NASCAR Kansas 2013: STP 400 viewer's guide

Jerry Markland

An in-depth preview for Sunday’s NASCAR race at Kansas Speedway.

Here is a look at the storylines, notes and drivers you need to know for Sunday's NASCAR race at Kansas Speedway:


The defending champ is out to send a message

With the news that his crew chief, car chief and lead engineer are all to be suspended six races (pending appeal), the team of the defending Cup champion will be severely depleted. But few drivers respond to adversity better than Brad Keselowski and that resiliency will be on full display in the next few months.

Eternally adamant that Penske Racing is up to the task of overcoming the hefty sanctions imposed by NASCAR, Keselowski is resolved to prove to the garage that what happened at Texas was merely a blip and will in no way affect his team's performance going forward.

However, while it may be a mere coincidence, both Keselowski and teammate Joey Logano have struggled at Kansas to find speed in practice. And this carried over to qualifying where Keselowski posted just the 32nd-quickest lap, by far his worst starting position of the season.

Gibbs vs. Roush

The 2013 season thus far has been defined by the dominance of two teams. Through seven races Hendrick Motorsports and Joe Gibbs Racing have combined to win six of seven events and have five drivers ranked 10th or better in points.

Early indications show that Kansas will not be another duel between the two organizations. The Hendrick cars have been collectively off the pace and a rare "off" weekend appears in the works.

But devoid of its rival don't expect JGR to roll to its fourth victory of the year, as another team has risen up to offer a challenge.

Usually at its best on the intermediate tracks, Roush Fenway Racing lagged earlier in the year at Las Vegas and Fontana. But the team has found its mojo at Kansas in practice and then in qualifying had its cars near the top of the speed chart.

And with Carl Edwards leading the way, Greg Biffle, a two-time Kansas winner, and rookie Ricky Stenhouse Jr. showing promise, Roush looks more than formidable this afternoon.

Track position is the name of the game

When the Sprint Cup Series last took to the Kansas oval, it featured numerous crumpled fenders, a rash of yellow flags -- a track record 14 for 66 laps -- and resembled more of a race at Martinsville than anywhere else.

The key difference from October's race compared to previous editions on the 1.5-mile oval was a new surface which increased speeds, limited tire wear and made passing difficult. And while the surface has aged some, speeds are still up -- evident by Matt Kenseth breaking the track record in qualifying -- and there is question whether drivers can race side-by-side.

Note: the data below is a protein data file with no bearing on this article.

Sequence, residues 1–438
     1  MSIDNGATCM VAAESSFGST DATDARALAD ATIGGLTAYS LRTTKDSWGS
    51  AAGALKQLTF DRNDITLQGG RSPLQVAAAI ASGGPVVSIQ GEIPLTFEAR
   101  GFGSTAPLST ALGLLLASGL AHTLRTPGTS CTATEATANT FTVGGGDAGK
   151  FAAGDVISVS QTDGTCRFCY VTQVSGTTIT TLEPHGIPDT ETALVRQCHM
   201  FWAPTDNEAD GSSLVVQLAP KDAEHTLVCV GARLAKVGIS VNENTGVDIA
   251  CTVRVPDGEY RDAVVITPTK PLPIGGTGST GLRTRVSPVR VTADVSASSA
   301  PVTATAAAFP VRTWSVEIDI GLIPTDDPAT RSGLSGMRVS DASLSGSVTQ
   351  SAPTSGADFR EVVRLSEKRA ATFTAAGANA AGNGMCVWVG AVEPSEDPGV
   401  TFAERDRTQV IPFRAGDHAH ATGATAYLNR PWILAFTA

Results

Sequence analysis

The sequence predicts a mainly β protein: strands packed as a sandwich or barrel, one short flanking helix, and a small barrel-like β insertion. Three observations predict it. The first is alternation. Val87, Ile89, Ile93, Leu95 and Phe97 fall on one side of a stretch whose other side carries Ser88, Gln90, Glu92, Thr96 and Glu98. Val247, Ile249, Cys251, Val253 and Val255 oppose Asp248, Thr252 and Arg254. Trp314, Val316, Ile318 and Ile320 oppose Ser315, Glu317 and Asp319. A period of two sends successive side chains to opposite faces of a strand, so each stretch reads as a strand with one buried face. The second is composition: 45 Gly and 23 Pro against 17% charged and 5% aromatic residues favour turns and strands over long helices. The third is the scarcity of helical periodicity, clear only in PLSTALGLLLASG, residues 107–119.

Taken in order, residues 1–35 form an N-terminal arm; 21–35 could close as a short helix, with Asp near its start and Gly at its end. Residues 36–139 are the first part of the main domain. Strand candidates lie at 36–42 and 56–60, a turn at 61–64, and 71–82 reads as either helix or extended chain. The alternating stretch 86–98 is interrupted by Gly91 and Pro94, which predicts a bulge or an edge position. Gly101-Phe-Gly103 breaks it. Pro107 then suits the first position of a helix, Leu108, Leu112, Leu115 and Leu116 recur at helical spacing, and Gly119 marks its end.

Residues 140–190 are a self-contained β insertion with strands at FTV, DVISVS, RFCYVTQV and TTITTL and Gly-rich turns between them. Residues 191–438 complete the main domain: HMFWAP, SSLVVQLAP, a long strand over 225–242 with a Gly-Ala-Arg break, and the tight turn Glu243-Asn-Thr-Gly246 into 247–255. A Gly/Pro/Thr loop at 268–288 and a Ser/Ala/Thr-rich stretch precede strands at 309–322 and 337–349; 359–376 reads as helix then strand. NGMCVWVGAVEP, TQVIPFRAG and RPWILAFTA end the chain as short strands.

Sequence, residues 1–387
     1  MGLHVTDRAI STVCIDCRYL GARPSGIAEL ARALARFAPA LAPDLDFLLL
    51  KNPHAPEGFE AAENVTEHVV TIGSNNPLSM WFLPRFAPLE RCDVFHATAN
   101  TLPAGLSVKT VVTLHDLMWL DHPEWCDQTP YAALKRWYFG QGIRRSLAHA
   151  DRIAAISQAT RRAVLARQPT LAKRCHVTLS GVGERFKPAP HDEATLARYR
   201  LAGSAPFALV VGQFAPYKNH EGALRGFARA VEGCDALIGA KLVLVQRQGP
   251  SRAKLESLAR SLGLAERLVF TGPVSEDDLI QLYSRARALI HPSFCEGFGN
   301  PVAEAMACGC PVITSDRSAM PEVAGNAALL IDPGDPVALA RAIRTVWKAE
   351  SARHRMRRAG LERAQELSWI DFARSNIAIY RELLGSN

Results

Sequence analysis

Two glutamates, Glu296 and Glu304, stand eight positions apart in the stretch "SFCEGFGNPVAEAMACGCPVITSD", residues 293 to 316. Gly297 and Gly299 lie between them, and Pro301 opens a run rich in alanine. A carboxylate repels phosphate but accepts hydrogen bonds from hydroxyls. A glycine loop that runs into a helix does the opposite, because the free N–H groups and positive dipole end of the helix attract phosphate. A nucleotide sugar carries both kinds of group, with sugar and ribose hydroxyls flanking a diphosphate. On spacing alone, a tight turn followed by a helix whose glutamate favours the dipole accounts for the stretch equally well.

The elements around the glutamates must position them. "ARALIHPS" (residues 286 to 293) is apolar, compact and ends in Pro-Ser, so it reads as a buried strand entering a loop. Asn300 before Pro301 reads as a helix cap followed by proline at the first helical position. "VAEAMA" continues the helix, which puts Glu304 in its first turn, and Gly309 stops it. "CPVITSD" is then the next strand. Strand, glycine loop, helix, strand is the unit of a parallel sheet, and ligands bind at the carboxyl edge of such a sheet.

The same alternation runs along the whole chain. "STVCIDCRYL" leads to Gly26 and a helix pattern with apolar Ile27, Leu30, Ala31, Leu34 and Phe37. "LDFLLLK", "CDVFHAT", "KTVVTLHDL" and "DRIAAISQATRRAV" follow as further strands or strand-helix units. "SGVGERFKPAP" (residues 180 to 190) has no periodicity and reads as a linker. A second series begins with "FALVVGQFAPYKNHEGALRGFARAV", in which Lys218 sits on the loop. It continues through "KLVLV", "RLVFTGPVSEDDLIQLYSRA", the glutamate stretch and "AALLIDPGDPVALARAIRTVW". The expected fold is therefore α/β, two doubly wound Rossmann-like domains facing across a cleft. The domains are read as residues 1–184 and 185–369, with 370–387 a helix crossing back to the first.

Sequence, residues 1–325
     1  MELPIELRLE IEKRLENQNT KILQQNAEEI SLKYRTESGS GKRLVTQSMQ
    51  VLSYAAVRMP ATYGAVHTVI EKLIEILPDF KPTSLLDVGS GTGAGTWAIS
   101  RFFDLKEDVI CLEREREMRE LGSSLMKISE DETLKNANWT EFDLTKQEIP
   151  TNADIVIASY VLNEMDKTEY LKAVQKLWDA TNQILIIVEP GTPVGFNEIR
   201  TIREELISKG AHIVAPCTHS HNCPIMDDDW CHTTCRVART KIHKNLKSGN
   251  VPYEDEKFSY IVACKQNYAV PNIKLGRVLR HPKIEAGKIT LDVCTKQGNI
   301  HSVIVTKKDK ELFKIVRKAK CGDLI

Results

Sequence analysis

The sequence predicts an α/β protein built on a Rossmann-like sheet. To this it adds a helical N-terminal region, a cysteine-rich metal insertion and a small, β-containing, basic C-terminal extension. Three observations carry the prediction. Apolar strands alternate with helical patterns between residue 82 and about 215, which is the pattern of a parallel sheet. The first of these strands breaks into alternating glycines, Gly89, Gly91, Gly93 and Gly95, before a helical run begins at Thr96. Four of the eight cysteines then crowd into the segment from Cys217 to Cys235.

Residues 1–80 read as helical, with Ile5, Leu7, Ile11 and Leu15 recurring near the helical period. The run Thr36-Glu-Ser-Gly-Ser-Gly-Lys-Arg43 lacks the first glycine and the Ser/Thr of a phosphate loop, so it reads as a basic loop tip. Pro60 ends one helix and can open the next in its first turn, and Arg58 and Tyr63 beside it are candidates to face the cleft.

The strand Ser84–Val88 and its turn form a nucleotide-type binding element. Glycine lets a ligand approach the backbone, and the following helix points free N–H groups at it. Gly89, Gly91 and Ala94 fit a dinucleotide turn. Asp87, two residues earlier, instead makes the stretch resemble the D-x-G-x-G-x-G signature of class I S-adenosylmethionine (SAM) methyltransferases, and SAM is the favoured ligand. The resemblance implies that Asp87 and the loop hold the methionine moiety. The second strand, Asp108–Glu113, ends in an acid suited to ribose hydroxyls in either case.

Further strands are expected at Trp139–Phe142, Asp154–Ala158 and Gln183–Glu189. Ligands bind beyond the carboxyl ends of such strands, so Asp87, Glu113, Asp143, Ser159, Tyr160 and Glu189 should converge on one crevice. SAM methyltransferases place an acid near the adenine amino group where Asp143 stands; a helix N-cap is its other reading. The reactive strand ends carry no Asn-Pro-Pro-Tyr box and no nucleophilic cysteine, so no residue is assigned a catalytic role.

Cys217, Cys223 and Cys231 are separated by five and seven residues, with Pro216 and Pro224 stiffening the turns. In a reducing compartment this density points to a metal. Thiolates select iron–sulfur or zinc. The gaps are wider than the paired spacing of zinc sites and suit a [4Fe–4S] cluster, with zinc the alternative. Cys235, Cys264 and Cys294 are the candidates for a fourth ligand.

Like in the fall, the STP 400 will likely come down to who can avoid trouble and best use strategy and track position to put their driver up front in the closing laps, and not necessarily who has the fastest car.

Worth Noting
  • After crashing in practice, Jeff Gordon was forced to use a provisional to make the field. Consequently, he lines up 43rd on the grid -- officially the worst starting position for the former champion in what will be his 697th career start.
  • For every lap that one of his Roush Fenway cars leads today, owner Jack Roush will donate $100 to the victims of the Boston Marathon bombing. And for any laps that they lead, team drivers Greg Biffle and Ricky Stenhouse Jr. will match the donation.
  • Following his victory at Texas, Kyle Busch has now won at 17 of the 23 circuits on the Cup schedule. Kansas, however, is not one of those tracks.
  • Martin Truex Jr., who was runner-up to Busch at Texas, also finished second in both Kansas races a year ago.

1. Carl Edwards

This is Edwards' home track and he says he wants to win here more than anywhere else -- including the Daytona 500. Lining up on the outside of the front row, determined, and with a Ford that has been steadily quick, he has an excellent chance of getting that maiden Kansas victory.

2. Matt Kenseth

Starting on the pole and fastest in final practice, the October Kansas winner is poised to go back-to-back. One thing to keep an eye on though, is the 20 has had a habit this year of sliding down the running order late in races.

3. Kyle Busch

Ignore that Busch is in a backup car after hitting the wall in practice, as he still was able to post the fifth-fastest speed in qualifying. Also know that in the last five races he has two wins and three other finishes inside the top five.

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